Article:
Lodha IPO Analysis by GSN Invest Part 2/2

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The real estate sector is likely to grow slower than historical levels driven by structural changes in the consumer profile. Within RE Tier 1 players will likely grow share driven by pressure on small players from both customers and creditors. Within Tier 1 players, Lodha appears to be a risky company to bet on driven primarily by leverage levels.

For those who want to read the full analysis, here you go!

The broader context- What explains our love for Makaan

Real estate is a dominant asset class in India - before we dive deeper into the sector and the firm, it is important to understand the unique factors of the Indian market that drive this - and how they may likely change over the coming years.

Indian household balance sheets exhibit a set of features that are unusual in the international context - specifically we have a disproportionate amount of our wealth locked up in physical assets (specifically - real estate and gold).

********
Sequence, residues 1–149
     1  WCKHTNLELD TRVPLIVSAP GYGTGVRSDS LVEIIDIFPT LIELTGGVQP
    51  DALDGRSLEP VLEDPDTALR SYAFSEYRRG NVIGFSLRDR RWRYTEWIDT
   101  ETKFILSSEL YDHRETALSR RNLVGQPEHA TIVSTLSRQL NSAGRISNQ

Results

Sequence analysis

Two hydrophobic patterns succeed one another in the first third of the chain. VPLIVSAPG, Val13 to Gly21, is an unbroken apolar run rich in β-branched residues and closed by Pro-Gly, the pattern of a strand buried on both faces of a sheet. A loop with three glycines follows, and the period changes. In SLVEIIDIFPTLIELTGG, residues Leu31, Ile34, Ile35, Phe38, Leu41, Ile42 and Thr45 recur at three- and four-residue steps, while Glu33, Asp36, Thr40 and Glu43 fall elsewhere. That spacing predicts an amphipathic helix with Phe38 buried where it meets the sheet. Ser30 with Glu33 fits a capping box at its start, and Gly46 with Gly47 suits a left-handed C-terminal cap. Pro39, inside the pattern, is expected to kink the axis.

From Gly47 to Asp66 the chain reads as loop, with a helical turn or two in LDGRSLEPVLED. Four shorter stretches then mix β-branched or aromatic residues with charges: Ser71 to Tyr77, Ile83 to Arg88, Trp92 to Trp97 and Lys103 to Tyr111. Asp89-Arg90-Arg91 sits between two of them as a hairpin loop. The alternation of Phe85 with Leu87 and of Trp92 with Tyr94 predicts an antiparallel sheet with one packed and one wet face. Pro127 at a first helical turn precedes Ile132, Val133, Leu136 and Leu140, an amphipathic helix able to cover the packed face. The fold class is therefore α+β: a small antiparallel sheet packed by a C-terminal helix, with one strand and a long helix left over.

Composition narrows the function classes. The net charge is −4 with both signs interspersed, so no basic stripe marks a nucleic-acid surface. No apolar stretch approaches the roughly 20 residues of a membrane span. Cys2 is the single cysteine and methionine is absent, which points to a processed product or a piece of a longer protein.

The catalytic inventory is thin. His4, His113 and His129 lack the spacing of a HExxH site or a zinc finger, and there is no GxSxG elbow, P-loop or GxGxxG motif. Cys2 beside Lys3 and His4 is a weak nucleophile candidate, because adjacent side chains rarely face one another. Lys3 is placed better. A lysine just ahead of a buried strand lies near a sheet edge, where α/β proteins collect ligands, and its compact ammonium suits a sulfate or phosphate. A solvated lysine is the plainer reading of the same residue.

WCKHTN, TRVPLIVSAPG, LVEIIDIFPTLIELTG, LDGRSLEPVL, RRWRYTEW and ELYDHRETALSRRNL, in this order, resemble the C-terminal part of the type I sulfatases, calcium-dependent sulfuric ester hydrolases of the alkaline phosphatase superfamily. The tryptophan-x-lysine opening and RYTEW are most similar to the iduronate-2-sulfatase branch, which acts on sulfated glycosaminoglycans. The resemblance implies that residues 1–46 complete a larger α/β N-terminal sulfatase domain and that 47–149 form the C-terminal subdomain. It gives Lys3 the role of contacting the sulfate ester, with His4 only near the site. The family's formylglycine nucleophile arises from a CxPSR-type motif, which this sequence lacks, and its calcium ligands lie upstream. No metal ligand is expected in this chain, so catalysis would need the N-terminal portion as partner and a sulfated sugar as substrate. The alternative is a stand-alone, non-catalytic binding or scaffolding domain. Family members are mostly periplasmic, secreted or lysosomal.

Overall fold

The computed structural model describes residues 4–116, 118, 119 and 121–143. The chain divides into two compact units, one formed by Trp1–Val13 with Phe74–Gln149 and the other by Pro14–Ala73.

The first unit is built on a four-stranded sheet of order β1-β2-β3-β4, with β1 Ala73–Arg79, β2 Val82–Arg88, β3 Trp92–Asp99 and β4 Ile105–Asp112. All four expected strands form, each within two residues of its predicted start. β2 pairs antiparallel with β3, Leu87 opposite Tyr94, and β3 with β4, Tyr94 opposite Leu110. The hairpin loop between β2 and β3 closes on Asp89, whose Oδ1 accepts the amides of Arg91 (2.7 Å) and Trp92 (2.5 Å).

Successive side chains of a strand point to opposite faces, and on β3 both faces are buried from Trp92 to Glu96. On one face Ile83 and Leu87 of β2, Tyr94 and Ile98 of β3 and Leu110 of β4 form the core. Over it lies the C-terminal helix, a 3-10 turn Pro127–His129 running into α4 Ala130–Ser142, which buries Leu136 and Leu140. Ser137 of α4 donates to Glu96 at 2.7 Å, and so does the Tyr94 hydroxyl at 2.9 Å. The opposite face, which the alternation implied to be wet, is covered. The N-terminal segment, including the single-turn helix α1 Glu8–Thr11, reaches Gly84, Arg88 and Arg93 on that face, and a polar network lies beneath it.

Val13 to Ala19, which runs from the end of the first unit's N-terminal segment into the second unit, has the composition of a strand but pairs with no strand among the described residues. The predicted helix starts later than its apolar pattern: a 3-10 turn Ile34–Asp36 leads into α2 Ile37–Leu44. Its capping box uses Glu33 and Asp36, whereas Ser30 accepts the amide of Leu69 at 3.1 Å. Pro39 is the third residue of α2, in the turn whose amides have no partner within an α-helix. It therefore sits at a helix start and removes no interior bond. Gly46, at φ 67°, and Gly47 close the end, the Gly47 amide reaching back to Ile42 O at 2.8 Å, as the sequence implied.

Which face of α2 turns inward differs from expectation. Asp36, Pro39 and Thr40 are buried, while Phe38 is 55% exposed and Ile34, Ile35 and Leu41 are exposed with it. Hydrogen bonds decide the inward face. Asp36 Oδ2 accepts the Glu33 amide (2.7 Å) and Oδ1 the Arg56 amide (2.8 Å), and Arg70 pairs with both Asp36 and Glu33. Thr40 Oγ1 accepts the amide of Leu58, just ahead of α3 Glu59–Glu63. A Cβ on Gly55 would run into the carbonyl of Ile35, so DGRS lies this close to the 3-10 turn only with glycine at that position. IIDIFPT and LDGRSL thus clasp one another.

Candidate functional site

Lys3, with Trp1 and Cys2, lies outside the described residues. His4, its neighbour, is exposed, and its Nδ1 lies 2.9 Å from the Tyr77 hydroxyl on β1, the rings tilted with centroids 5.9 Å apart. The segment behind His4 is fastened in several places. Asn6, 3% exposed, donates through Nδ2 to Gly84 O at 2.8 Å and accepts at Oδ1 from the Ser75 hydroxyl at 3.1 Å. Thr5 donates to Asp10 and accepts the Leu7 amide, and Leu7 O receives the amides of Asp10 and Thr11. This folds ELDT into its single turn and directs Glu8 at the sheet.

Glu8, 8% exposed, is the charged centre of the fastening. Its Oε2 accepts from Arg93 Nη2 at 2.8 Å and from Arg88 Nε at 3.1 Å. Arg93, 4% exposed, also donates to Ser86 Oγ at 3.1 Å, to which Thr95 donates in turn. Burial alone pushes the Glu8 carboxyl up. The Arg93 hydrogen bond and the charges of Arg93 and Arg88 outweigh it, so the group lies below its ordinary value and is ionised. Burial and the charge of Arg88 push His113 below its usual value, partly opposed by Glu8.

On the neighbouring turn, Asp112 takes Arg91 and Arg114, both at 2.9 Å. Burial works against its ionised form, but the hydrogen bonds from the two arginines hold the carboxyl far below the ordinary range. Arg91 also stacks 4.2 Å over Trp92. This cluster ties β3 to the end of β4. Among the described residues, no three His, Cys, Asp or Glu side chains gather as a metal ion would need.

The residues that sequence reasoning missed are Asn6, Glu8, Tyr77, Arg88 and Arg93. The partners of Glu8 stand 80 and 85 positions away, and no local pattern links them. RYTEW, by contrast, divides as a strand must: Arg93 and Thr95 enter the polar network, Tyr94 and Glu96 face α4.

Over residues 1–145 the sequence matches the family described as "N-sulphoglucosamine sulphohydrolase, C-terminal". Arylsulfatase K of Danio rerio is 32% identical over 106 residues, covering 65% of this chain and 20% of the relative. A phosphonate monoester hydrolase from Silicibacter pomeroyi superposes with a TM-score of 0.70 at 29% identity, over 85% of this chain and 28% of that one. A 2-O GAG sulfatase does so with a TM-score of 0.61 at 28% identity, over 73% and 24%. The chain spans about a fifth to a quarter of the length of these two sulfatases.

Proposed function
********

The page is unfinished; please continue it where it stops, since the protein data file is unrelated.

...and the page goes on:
An average Indian household has an overwhelming 77% of its wealth in real estate, 7% in other physical goods and another 11% in gold - which leaves just 5% to be invested in financial assets. We have attached below a chart to demonstrate how we compare with respect to other countries (both developed and developing) on this parameter.

[src: Report of the Household Finance Committee, Jul '17 - This report is an absolute goldmine of information, and we recommend anyone wanting to understand India's financialization story to read it cover to cover]

Understanding the factors that drive this wide discrepancy is critical to developing an understanding of the real estate sector, and therefore any company that may operate in it. Demographic factors like income and age don't seem to explain it - since at every age band and every income quartile, we are overexposed to real estate vs the world. While there is some heterogeneity across states (southern states own more gold, union territories own more financial assets) it is fairly range bound - we are as a country - across age barriers, income barriers, and state barriers - significantly over invested in real estate.